Six Steps to Self Love

I’ve been talking about self love a lot lately. I know, I know, you’re like “That’s so woo woo” or “Who has time?” or, “Really? Self love? What does that have to do with anything? I need actionable steps to make my life better NOW!” Well, thanks for the pushback, but I’m serious, self-love is where it’s at. Trust me. Self love helps you:

  • get things done. 
  • feel better. 
  • role model for your kids or your partner, and
  • it’s how to actually ENJOY LIFE.

Why is self love all of these things? Because – as I am fond of saying – “When you leave a room, you’re still with you. Wouldn’t it be so much better if you liked, or even LOVED being with yourself?!” 

Unfortunately, many twice exceptional people internalize negative messaging from a young age. “You’re too…” “You’re not enough…” “Stop doing that!” “Start doing more of this!” “Why can you do this, but you can’t do that?” “Why can’t you be more like your sibling, your friend, or literally any other neurotypical human on the planet?!” Or, at least it feels that way.

We forget how to love ourselves because we receive constant reminders of all the things we are not or we should be. 

The irony is, many 2e people come into the world with a beautiful naivete and joie de vie. There’s a rage to learn and a deep desire to connect. But it doesn’t take long for our authentic selves to feel battered, embittered, and alienated. Expectations are too high or too low. Assumptions run rampant and aren’t tied to anything anyone has asked us about – so we react to behaviors that are in response to ways we are perceived rather than our actual reality. 

And the negative self talk starts.

So much time is spent trying to be something different and we fail to be what we think others want us to be AND we fail to be our organic selves. We lose the innocent and wide-eyed excitement over life. If we lose ourselves, we can’t love ourselves. Here are six steps to help you remember and love who you are:

  1. Identify your morals.

You have them. I know you do. 2e people care about the world. What matters to you? Tap into that. Doesn’t that feel good? Now you are starting to remember who you are by remembering what is important to you. This moral inventory helps you stay true to yourself. It’s through our morals, that we identify things we care about. It’s through our values that we identify and strive toward meaningful goals.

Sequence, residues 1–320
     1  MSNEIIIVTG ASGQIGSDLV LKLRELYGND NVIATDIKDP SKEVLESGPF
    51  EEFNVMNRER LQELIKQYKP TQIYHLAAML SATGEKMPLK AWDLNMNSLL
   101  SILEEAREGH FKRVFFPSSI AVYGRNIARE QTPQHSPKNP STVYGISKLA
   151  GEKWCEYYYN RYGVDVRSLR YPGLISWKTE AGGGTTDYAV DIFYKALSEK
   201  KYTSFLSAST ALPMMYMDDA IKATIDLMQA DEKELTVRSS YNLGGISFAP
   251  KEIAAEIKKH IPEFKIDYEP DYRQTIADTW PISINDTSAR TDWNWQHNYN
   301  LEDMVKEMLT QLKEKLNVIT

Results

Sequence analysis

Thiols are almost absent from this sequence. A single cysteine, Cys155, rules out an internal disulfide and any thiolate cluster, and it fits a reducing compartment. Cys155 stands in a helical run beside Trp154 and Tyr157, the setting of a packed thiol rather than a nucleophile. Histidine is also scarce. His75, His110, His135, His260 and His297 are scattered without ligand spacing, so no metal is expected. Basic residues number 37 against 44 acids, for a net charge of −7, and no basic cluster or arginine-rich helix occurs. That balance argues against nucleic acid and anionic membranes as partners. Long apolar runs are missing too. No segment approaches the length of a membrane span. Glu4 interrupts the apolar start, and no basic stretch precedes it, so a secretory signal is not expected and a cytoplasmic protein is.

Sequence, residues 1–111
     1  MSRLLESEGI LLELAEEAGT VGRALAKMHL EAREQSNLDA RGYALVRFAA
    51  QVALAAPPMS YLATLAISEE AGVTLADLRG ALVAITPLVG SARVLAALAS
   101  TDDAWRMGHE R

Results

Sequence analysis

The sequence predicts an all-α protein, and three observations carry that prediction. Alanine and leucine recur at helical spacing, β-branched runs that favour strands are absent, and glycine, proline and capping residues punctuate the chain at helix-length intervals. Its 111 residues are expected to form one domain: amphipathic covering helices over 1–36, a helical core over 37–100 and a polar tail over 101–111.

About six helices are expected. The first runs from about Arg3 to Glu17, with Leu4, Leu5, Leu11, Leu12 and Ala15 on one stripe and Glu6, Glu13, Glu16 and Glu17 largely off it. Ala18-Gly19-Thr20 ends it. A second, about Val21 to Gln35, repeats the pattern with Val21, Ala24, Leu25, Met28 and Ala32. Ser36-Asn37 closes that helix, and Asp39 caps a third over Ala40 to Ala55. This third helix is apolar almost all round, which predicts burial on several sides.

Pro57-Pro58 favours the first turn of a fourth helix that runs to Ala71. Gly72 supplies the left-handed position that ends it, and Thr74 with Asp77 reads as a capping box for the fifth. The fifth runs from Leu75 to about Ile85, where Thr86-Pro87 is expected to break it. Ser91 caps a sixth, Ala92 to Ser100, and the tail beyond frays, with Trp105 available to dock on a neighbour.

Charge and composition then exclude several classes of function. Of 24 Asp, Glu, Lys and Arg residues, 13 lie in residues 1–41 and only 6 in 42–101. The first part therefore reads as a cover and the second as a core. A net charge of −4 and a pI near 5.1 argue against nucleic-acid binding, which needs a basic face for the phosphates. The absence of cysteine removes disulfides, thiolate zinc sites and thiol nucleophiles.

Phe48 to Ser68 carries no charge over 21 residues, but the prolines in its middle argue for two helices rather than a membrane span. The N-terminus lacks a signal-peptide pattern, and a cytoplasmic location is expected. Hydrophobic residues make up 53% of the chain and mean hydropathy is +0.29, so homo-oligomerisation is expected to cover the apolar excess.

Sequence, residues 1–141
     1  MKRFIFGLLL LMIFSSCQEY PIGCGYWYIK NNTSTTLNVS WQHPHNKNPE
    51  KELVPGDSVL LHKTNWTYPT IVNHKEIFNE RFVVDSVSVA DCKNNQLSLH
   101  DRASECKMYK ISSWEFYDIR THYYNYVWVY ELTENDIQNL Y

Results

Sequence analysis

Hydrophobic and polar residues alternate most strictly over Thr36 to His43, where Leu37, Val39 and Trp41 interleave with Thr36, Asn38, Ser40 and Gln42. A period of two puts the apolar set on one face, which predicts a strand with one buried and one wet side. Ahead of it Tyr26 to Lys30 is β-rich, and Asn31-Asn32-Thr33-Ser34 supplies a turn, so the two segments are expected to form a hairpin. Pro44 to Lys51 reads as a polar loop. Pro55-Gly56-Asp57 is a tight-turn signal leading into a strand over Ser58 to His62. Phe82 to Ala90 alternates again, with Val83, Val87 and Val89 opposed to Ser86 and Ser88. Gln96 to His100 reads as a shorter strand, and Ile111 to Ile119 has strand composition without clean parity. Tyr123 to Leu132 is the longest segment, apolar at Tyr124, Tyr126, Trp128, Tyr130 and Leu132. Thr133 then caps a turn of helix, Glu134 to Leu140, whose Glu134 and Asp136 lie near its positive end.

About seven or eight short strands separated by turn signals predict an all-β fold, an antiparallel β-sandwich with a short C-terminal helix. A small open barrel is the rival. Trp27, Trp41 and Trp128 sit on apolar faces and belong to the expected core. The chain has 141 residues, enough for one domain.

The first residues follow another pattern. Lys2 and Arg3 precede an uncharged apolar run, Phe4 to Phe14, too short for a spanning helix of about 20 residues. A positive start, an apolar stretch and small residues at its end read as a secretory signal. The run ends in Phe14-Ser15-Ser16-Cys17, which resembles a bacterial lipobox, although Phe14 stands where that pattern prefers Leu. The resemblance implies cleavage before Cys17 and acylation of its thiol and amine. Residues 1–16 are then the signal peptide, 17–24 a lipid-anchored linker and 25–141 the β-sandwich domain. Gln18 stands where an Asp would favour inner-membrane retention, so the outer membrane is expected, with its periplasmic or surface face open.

1. Start listening to yourself.

Now that you remember what is important to you – it’s easier to allow yourself to listen to, and honor your internal thoughts. You may have spent years masking, but now that you are orienting toward what is meaningful to you, hopefully you’ll start allowing your voice to be heard inside your head – and the messages you’ll hear will be empowering rather than embittering. Your voice is valid. Your thoughts are important. You matter. You are worthy. Trust yourself through this new awakening and recognition of your values and goals. 

  1. Remember your accomplishments.

Twice exceptional people are champions of waving off their achievements. They figure, “eh, anyone can do these things.” No, they can’t! You are unique, and your abilities far surpass most people’s. Maybe your superpowers aren’t in all areas, but your unique superpowers are INCREDIBLE! On top of it all, no doubt you work hard, and your goals are laudable. What have you done in your lifetime academically, philanthropically, and for others? Whether you succeeded or just tried really, really, hard your efforts should be recognized.